The positive news about longevity in New York City shows that smokers want to and can quit (there were 350,000 less smokers in 2009 than in 2002). This has had a significant and measurable impact on life expectancy. Smoking is contagious and you can't overestimate the impact of restricting it in public work spaces, including restaurants and bars. Many people also restrict it in their apartments now. This makes it harder to be a chain smoker and makes it much easier for smokers when they decide to quit to be successful.
Still there could be even more progress if even one health clinic in each zip code were required to offer specialized services to those still struggling to quit. All smokers are not built alike and some do well with structured programs which can save them years of trying on their own and the heartache of smoking caused disability and death.
According to a report called Summary of Vital Statistics in New York City:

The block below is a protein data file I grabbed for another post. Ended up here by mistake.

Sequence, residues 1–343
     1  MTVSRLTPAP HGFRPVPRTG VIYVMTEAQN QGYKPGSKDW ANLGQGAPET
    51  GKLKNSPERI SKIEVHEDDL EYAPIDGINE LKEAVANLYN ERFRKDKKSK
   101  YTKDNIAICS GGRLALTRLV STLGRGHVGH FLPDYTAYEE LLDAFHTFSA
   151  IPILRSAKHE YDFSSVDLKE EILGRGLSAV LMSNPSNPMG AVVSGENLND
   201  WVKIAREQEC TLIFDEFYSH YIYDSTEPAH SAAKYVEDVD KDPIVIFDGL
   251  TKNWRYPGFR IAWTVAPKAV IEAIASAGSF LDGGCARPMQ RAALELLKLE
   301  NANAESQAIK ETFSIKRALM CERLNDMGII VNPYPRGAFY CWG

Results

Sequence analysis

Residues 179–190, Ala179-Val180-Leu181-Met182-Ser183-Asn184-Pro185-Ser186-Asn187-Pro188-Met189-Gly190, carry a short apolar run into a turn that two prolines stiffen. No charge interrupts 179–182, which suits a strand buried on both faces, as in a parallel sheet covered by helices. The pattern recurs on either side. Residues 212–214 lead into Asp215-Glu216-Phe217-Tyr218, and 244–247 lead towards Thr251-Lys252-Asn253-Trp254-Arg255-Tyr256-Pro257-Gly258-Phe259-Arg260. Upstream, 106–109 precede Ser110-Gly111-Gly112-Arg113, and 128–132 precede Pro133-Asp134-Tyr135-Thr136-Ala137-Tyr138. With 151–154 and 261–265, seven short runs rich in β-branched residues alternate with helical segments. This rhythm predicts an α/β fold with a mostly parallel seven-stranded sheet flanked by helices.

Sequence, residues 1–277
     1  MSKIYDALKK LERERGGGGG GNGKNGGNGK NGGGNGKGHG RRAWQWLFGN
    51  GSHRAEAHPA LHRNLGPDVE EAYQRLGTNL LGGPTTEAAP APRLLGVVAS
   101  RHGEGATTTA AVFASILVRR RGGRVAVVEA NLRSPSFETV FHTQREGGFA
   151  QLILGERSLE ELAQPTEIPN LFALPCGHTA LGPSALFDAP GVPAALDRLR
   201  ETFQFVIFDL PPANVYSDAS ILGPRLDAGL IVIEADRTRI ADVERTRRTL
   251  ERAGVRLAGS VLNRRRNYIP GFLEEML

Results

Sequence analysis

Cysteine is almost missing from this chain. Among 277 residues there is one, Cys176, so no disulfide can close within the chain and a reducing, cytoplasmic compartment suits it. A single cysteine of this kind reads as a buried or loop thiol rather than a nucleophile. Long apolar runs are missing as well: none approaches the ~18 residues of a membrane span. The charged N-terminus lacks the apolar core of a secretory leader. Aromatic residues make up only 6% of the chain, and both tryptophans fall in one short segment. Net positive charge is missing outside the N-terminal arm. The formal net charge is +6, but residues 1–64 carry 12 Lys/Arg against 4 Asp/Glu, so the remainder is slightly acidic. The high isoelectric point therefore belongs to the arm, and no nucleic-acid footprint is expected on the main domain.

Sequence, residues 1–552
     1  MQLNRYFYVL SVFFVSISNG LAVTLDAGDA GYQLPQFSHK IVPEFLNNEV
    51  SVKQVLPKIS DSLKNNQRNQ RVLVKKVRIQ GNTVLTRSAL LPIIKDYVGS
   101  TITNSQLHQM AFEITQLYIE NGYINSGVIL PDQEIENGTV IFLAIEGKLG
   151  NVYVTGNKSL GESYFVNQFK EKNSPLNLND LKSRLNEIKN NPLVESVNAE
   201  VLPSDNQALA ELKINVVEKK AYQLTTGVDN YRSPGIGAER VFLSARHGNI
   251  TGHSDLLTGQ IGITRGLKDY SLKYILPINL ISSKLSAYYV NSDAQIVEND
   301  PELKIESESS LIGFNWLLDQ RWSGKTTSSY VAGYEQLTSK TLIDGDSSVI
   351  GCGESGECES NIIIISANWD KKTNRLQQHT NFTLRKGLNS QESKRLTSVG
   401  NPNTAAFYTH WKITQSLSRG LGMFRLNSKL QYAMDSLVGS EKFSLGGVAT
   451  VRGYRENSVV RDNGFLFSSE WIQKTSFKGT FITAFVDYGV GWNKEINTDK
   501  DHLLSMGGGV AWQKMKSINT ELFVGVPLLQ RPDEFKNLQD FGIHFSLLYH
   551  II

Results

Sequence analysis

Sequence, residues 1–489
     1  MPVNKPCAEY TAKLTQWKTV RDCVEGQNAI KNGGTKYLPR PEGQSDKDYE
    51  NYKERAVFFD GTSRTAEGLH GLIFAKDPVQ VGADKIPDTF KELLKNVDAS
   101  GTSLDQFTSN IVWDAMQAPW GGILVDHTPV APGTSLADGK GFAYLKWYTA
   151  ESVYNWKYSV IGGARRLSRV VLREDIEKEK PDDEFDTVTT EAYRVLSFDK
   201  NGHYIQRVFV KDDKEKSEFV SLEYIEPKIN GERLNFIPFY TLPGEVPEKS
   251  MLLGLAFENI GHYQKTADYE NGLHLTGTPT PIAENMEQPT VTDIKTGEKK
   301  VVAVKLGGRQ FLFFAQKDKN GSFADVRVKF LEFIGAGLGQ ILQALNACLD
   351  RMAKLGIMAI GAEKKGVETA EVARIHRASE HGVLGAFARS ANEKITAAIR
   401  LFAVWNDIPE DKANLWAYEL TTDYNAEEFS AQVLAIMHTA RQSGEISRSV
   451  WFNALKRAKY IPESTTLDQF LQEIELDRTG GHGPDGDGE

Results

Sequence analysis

New Yorkers' average life expectancy held steady at 79.4 years in 2008, the most recent year for which data are available. That figure -- the longest ever recorded in New York City -- represents a gain of 19 months since 2001. It exceeds the national average by more than a year. The findings come from the Health Department's Annual Summary of Vital Statistics, the definitive record of births and deaths in New York City.
Other findings include:
"New York City's death rate and infant mortality rate fell to all-time lows in 2009.
Nearly 6,800 fewer New Yorkers died in 2009 than in 2002, despite a larger population, as the citywide death rate fell to 6.3 deaths per 1,000 people.
Cardiovascular disease and other smoking-attributable illnesses claimed fewer lives last year than in 2008, and the city's infant mortality rate reached an all-time low of 5.3 deaths per 1,000 live births."
And according to New York City Health Commissioner Thomas Farley, M.D., M.P.H.: "The number of deaths attributed to tobacco is at an all-time low: 7,201."
Dr. Seidman is author of the new book "Smoke-Free in 30 Days: The Pain-Free, Permanent Way to Quit" with a foreward by Dr. Mehmet Oz (Fireside Trade Paperback Original, January 2010). An audio book is available from Random House. Dr. Seidman first introduced his own program to stop smoking as a featured expert on "The Oprah Winfrey Show" with Dr. Oz early in 2008, after 20 years of helping smokers at Columbia University. For more details about the book go to www.danielfseidman.com